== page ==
An A – Z guide on cervical mucus fertility. How can knowing about cervical mucus help me get pregnant? What is egg white cervical mucus (EWCM), and when do I have it? Can tracking cervical mucus show me when I’m most fertile? Can cervical mucus help me know my ovulation time and plan baby-making sex? Get the answers you’ve been looking for, here.
You’ve done your homework and changed your life:
- You eat 2-3 servings of oily fish a week;
- No smoking;
- Alcohol? No more than a glass at dinner time and sometimes not even then;
- You’re the poster child for healthy eating: lots of color in your diet and only wholesome organic will do for you, you’re eating so much of the good green stuff that you go green at the thought of eating any more;
- You exercise moderately and are able to keep yourself at a healthy weight;
- Oh, and of course you meditate to keep you stress levels under control.
- You take dietary supplements? You betcha;
- Keeping track of your menstrual cycle? That’s great!
- Have you been charting your basal body temperature? Wonderful, because you now know among other things whether you are actually ovulating, or not.
Hmm, and still not pregnant.
Is there something more you should do?
Yes! You could be missing the most fertile time of your monthly cycle!
For a woman trying to get pregnant she needs one final weapon in her armory- her fertile cervical mucus. Fertile cervical mucus marks the most fertile time of your menstrual cycle. Cervical mucus fertility is one of the key markers of fertility that women know the least about and tend to ignore most . It can make or break your chances of getting pregnant, even if you’re getting everything else right.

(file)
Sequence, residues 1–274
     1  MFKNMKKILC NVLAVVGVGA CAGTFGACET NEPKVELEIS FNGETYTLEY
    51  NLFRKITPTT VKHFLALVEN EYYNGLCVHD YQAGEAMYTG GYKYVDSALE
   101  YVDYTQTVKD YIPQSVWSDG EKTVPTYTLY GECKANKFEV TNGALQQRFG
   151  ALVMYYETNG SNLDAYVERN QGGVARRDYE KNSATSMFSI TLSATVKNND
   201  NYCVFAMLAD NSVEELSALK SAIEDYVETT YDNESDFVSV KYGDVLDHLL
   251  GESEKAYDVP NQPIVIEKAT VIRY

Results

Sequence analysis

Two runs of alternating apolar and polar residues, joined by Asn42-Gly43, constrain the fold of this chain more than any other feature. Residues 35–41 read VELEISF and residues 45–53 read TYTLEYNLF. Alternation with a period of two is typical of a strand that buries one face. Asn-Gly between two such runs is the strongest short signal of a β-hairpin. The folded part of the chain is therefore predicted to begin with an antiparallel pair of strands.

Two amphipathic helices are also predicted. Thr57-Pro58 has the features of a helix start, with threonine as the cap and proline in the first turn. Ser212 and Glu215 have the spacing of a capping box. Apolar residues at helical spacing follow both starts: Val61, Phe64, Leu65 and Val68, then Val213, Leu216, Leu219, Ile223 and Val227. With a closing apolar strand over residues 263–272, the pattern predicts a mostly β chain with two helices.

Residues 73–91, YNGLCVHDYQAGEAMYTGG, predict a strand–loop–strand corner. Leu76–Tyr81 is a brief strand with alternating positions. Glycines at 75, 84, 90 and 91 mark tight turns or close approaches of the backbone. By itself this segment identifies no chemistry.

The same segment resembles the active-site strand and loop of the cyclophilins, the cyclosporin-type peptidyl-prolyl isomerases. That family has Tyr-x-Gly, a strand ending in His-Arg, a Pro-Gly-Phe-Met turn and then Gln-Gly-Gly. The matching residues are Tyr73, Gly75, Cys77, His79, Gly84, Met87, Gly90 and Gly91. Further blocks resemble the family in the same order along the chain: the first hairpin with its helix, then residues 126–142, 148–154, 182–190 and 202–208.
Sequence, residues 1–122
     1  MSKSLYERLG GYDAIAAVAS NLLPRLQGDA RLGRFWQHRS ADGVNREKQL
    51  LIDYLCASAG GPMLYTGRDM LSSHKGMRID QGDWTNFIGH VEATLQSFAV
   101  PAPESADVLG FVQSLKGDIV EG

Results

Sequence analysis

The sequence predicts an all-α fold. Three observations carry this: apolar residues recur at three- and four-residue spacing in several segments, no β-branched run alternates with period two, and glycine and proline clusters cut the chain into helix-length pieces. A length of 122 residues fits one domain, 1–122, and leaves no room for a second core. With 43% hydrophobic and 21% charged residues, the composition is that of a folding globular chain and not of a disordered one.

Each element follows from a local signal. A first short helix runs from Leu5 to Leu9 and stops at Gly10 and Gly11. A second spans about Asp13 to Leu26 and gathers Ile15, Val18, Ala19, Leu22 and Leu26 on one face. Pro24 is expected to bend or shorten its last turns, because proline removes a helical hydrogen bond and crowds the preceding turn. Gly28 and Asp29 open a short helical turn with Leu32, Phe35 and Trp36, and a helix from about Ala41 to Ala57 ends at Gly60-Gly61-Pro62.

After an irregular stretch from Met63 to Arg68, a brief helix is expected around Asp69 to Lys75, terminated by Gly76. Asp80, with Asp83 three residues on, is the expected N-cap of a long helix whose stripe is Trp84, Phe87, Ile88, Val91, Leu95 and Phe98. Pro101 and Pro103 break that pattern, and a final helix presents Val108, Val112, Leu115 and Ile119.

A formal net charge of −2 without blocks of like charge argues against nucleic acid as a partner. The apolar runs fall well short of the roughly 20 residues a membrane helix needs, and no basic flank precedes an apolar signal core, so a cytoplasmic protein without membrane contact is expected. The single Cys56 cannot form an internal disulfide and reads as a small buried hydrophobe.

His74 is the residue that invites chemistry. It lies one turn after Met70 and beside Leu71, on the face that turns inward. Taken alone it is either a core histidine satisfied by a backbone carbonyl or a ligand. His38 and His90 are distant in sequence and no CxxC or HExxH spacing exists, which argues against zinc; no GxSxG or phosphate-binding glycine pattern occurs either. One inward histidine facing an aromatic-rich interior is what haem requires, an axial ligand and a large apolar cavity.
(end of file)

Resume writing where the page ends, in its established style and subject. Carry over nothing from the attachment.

What is Cervical Mucus?
Mucus is a protective hydrogel. Lodged in the lining of your cervix (the doorway to your womb) are tiny groups of cells. These cells are concentrated in pits or furrows along the length of the cervix called cervical crypts. The job of these cells is to release fluids. This fluid is made up of about 90 – 95% water, enzymes, simple proteins, a glycoprotein matrix, salts and simple sugars like glucose, mannose,etc., plus cells sloughed off from the inner lining. This fluid is called cervical mucus. It can allow or hinder pregnancy by helping or preventing the sperm from crossing the cervix and entering the womb. The fluid-releasing cells do this by changing the type and amount of fluids which they make. The properties of cervical mucus change depending on the level of hormones progesterone and estrogen circulating in the blood. These hormone levels rise and fall depending on where you are in your menstrual cycle.